Singapore is blessed to be located at the very centre of South-east Asia – with its natural and cultural attractions, culinary delights and rich history.
Singaporeans are indeed spoilt for choice when it comes to planning a vacation, even a short one. No two countries are more popular for holiday-makers from this island country than Malaysia and Thailand, chosen mostly due to their proximity and familiarity. The two countries are alike in many attractive ways but at the same time, display even more distinctive and unique heritage and attributes. Thailand is in fact one of the top 10 holiday destinations in the world. Yet, to me, Malaysia with its more underrated appeal is really the better choice.
One must begin with the shared history between Singapore and Malaysia. Up until 1965, Singapore was part of Malaysia. The people of both countries before and after Separation in 1965 have common languages like Bahasa Melayu, English as well as the Chinese and Indian languages. The feeling of comfort and homeliness adds to the charm of a holiday in Malaysia where the food is also similar and yet distinctly special. With no language barrier in the way, holiday-makers are motivated to explore Malaysia with more enthusiasm and spirit of adventure.
This would not be the case with Thailand, a country where the majority of its people only speak Thai. Thai culture is also rather different from that which is practised in Singapore and Malaysia and would demand tourists to be more careful and sensitive to its local ways.
As Malaysia lies just across the Causeway from Singapore, it is obviously the more practical and easier choice logistically. Singaporeans need only hop into their land vehicles of choice and in less than 30 minutes of travel time (provided of course there is no traffic jam or a long line at the Customs and Immigrations Checkpoint), they would already be in another country for a getaway. In contrast, a direct flight from Singapore to Hat Yai, Thailand would require at least one hour and 30 minutes of travel time. Malaysia is far closer and thus costs less in terms of travel fare.
The southern state of Johore offers a great deal more than what one may see in its capital city of Johore Bahru. Its smaller towns like Mersing, Kota Tinggi, Batu Pahat, Segamat, Muar etc. are hidden jewels waiting to be discovered. Many a natural and historical attraction could be found all over these town districts like Mount Ledang in Tangkak and Desaru beach in Kota Tinggi, for example. The availability of a variety of chalets and uniquely-themed hotels that fits all budget size makes even a weekend holiday massively fun and satisfying for the entire family. This would not be possible for a trip to Thailand as one would need at least three to four days inclusive of travel time just to be able to unwind and enjoy the trip.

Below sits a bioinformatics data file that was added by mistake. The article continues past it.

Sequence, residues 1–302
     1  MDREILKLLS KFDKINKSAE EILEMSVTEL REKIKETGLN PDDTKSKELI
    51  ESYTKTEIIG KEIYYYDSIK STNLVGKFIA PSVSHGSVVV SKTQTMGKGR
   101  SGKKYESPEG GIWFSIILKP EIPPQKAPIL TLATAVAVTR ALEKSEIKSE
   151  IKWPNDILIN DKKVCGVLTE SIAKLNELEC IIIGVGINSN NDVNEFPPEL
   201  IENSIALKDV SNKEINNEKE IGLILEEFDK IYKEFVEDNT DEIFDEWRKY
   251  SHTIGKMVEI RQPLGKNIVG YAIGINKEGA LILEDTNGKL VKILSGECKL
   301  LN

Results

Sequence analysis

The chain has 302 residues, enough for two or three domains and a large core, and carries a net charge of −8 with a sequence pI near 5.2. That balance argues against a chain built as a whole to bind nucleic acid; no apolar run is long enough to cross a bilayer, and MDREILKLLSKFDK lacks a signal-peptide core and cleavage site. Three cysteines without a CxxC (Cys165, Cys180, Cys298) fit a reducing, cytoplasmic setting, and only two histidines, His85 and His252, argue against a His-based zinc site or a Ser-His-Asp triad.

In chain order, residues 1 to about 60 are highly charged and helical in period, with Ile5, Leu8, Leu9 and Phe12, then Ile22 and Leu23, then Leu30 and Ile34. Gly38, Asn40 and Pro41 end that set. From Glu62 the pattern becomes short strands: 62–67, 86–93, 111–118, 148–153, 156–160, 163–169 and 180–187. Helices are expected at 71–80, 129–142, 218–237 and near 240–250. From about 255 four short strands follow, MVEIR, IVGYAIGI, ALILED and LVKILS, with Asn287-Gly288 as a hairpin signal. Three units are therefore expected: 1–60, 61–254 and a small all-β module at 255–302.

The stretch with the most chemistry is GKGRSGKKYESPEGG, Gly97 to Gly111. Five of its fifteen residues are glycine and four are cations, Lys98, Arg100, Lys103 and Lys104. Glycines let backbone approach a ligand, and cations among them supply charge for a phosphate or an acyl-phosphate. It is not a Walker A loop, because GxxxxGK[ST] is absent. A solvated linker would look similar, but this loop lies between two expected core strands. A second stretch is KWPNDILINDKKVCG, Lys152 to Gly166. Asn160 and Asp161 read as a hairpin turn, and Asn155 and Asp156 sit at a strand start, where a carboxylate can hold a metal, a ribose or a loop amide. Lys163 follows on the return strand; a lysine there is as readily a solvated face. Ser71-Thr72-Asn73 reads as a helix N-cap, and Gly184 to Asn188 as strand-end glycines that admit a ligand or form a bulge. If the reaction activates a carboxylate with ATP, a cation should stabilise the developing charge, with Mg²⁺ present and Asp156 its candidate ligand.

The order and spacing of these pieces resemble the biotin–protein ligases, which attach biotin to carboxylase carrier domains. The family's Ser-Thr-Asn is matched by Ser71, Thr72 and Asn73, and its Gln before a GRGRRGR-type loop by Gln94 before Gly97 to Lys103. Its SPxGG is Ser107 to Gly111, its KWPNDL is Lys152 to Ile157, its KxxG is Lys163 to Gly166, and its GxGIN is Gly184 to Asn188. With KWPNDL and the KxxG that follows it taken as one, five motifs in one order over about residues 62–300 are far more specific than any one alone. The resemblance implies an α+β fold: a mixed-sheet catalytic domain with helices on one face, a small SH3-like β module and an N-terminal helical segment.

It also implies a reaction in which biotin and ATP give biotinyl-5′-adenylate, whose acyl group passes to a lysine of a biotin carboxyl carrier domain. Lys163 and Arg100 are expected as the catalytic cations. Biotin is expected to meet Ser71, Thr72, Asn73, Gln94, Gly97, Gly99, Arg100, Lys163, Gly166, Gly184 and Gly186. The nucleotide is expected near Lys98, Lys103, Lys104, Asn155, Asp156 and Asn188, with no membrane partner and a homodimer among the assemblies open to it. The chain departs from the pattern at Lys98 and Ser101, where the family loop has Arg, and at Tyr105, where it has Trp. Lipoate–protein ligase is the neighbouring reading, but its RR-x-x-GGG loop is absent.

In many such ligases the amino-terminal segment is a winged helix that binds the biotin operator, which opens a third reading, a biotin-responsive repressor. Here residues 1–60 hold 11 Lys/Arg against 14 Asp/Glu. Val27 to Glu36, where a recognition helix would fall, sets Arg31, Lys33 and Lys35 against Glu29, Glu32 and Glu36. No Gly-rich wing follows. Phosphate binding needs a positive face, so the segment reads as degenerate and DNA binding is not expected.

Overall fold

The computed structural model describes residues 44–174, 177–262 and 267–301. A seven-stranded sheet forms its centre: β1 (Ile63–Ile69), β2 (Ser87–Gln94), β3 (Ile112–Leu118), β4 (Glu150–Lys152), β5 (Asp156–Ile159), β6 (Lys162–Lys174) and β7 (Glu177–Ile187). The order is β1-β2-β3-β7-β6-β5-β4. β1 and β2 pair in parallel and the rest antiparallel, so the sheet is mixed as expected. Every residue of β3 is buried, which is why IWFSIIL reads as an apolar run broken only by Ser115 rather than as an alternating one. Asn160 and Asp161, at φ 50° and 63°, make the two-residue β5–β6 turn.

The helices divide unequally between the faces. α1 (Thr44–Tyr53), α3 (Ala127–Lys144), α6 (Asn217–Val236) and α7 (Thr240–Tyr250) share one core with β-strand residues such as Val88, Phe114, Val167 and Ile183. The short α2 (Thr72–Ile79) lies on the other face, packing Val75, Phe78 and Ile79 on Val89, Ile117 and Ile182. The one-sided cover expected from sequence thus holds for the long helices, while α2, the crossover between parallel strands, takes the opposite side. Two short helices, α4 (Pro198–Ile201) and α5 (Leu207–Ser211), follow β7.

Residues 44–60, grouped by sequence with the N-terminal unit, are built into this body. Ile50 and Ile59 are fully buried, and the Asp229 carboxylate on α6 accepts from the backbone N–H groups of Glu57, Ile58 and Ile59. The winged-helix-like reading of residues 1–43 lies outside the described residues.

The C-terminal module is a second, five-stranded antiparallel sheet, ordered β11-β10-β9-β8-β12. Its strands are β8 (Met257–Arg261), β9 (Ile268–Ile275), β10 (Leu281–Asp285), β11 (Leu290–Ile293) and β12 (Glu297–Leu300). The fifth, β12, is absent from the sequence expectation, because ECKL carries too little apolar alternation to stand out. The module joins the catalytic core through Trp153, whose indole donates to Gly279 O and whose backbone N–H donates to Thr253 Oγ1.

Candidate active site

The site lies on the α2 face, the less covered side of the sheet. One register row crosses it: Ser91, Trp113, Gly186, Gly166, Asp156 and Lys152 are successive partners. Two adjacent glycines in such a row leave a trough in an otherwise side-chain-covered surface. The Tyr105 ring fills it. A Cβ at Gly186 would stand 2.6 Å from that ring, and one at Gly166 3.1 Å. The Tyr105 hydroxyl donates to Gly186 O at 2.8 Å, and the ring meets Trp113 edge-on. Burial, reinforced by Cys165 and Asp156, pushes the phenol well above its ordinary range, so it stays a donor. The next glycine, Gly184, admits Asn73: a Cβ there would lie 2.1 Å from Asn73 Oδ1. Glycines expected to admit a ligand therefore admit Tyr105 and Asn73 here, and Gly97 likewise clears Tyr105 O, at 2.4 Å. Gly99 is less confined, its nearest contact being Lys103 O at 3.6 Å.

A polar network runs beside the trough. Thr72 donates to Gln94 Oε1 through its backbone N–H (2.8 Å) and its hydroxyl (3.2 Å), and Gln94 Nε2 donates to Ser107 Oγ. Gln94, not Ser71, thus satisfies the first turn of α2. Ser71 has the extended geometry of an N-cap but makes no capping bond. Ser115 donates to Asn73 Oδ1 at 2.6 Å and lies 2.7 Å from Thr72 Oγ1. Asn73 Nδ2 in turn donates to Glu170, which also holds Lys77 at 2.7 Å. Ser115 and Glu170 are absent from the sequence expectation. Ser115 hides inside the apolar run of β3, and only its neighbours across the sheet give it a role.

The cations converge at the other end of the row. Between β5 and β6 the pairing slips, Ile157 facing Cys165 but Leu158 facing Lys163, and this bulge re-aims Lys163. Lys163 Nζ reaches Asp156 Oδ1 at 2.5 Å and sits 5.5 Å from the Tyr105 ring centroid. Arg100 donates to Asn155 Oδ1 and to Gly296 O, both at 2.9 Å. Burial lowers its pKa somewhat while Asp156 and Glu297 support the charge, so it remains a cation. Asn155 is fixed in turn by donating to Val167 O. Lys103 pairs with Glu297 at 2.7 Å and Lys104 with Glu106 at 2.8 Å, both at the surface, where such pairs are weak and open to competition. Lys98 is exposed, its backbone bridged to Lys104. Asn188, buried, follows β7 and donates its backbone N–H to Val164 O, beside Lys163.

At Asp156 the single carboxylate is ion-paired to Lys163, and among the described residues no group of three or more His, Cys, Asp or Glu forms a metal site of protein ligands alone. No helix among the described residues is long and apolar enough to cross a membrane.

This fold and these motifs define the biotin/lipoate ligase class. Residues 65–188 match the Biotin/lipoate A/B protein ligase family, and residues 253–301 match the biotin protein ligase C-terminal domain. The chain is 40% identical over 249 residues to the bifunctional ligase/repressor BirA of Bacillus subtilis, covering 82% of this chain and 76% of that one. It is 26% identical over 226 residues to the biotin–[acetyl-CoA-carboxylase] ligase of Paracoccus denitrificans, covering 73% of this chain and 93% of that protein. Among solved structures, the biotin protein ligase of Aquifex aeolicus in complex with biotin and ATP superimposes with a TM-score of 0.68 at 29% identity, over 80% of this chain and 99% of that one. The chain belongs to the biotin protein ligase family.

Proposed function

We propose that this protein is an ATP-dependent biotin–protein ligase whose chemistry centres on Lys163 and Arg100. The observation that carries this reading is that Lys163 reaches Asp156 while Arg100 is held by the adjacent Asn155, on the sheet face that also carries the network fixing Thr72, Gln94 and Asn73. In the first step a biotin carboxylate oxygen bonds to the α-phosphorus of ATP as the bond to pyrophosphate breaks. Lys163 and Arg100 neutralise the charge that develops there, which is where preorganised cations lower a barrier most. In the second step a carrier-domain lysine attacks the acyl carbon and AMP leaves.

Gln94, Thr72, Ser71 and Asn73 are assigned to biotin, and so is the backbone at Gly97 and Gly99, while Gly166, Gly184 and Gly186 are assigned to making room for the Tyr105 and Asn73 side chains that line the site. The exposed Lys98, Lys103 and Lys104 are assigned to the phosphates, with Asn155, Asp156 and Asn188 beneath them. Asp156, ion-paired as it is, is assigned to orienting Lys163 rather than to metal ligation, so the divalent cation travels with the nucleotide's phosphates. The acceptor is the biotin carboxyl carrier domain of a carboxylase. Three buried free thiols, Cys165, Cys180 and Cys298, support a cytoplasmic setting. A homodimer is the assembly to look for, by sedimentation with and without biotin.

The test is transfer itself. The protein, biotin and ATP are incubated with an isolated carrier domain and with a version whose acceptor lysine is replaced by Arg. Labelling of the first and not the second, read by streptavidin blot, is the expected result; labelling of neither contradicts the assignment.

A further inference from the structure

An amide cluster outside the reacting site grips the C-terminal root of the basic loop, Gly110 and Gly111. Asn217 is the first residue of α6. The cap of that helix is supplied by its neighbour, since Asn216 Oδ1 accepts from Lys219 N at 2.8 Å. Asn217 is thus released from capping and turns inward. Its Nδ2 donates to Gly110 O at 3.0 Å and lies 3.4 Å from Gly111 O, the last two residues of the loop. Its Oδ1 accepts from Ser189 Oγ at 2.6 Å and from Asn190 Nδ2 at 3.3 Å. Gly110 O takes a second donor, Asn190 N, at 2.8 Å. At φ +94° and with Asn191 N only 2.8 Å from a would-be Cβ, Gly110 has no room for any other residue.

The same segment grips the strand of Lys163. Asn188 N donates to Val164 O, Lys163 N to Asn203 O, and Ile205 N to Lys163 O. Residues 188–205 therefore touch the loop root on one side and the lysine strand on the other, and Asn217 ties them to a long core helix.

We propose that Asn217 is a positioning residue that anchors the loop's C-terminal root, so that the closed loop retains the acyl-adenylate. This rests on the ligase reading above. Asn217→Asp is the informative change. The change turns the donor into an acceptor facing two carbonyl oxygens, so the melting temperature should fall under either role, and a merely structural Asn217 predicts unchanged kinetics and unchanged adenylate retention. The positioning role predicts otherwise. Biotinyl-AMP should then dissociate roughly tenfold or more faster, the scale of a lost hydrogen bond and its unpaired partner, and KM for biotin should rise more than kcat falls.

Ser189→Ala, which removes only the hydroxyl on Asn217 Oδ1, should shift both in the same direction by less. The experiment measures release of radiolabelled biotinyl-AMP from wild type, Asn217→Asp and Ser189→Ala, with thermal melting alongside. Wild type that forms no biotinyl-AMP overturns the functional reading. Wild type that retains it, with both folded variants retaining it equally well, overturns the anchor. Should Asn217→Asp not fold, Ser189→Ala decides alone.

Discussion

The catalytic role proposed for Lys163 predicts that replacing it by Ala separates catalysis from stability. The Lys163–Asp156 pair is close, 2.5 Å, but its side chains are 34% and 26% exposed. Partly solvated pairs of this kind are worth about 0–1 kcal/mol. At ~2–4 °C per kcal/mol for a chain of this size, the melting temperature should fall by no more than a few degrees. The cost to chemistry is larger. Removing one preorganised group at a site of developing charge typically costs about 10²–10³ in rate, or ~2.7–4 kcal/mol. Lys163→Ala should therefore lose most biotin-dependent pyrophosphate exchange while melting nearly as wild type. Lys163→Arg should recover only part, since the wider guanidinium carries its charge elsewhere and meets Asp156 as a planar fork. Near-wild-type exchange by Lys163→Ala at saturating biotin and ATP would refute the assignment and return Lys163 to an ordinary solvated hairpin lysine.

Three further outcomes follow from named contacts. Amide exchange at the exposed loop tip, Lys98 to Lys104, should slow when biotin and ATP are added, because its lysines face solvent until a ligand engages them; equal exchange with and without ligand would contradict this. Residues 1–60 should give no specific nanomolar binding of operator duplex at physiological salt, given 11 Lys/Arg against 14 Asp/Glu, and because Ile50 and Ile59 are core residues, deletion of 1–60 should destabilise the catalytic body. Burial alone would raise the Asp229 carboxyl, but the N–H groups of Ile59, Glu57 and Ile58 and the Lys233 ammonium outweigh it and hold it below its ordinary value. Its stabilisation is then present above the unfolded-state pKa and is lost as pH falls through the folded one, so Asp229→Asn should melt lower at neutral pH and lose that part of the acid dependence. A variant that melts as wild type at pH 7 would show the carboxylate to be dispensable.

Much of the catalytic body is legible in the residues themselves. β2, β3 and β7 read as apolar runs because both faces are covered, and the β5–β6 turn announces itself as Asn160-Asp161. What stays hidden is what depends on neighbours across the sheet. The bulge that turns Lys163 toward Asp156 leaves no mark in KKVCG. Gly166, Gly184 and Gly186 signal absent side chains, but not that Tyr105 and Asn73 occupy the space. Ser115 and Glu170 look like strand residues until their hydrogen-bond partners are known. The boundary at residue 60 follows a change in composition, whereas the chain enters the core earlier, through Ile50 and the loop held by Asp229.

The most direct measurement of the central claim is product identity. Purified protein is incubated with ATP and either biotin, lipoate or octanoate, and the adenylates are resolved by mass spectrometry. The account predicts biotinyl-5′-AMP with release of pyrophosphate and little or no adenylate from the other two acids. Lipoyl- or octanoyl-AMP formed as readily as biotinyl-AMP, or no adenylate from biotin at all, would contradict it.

The traveller with more than a day to spare could venture beyond the borders of Johore into the states of Pahang, Terengganu and Kelantan on its east coast side. These three states are comparatively more unknown and less popular when compared to the states of Melaka, Perak and Penang on the peninsular west coast but they have their own charms.
The natural wonders found in the three states are like a treasure chest of amazing places. For those who are into nature-based activities like mountain climbing, hiking, camping, white-water rafting, Gunong Tahan and the national park in the state of Terengganu would be heaven. Or if you prefer beaches, snorkelling and scuba diving, the islands of Tioman in Pahang and Redang in Terengganu would be on top of your travel list. The great biodiversity of marine animals and plants are most mesmerising with the sheer ocean blue clarity of the waters surrounding these islands matching or even superseding that of the famous islands in Thailand.
For those with an appetite for history, Malaysia would have the upper-hand over Thailand. It is a country with a very saturated heritage and history made up by the many communities that call this country home. Colonial powers had arrived on the soil of this nation as early as the 16th century, bringing with them European influences. The clash of western and local cultures resulted in a very rich and documented history. When that is combined with the many ethnic groups that make up the Malaysian population, the result is a much more multi-faceted cultural identity and complex heritage than that of predominantly Buddhist Thailand.
A wonderful example would be the state of Kelantan. The world’s third largest reclining Buddha statue is located here in the state where 95% of the population is Malay-muslims. Centuries of Thai control over the state has produced a very rich, unique culture and cuisine found nowhere else in Malaysia. Often Kelantan is sidelined by local and international tourists for Thailand itself when in fact the state itself is worth the time for exploration despite its more conservative outlook. Tourists who yearn to learn about local cultural identities would find Kelantan, known as the cradle of Malay culture, mesmerising as urban development has yet to stifle the traditional Malay cultural heritage that makes the state famous like the giant kite-flying (wau), top-spinning (gasing), silver-craft, batik-drawing as well as the all-male choral-singing called “dikir barat”. Safety-wise Kelantan would also be more preferred over southern Thailand as that region has been plagued by episodes of bombings caused by their southern insurgents since 2004 (as recorded by news over the years).
This neighbouring country of Singapore with its 14 states has so many more hidden gems for its Singaporean tourists to further discover and enjoy. All the traveller needs is time and a spirit of adventure.